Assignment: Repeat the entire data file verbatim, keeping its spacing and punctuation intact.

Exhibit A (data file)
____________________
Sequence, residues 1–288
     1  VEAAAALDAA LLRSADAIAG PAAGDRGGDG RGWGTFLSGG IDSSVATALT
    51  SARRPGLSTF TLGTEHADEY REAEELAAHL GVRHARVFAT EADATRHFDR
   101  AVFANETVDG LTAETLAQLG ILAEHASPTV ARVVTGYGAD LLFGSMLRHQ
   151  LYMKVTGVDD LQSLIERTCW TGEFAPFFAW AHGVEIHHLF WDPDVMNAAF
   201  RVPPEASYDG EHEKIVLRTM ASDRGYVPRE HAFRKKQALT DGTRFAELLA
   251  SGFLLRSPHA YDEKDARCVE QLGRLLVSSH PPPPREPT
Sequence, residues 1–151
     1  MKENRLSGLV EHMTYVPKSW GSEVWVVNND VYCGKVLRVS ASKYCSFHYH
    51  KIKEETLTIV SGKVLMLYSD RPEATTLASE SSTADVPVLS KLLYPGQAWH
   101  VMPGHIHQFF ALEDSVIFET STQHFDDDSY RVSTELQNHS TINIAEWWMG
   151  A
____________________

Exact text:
Sequence, residues 1–288
     1  VEAAAALDAA LLRSADAIAG PAAGDRGGDG RGWGTFLSGG IDSSVATALT
    51  SARRPGLSTF TLGTEHADEY REAEELAAHL GVRHARVFAT EADATRHFDR
   101  AVFANETVDG LTAETLAQLG ILAEHASPTV ARVVTGYGAD LLFGSMLRHQ
   151  LYMKVTGVDD LQSLIERTCW TGEFAPFFAW AHGVEIHHLF WDPDVMNAAF
   201  RVPPEASYDG EHEKIVLRTM ASDRGYVPRE HAFRKKQALT DGTRFAELLA
   251  SGFLLRSPHA YDEKDARCVE QLGRLLVSSH PPPPREPT
Sequence, residues 1–151
     1  MKENRLSGLV EHMTYVPKSW GSEVWVVNND VYCGKVLRVS ASKYCSFHYH
    51  KIKEETLTIV SGKVLMLYSD RPEATTLASE SSTADVPVLS KLLYPGQAWH
   101  VMPGHIHQFF ALEDSVIFET STQHFDDDSY RVSTELQNHS TINIAEWWMG
   151  A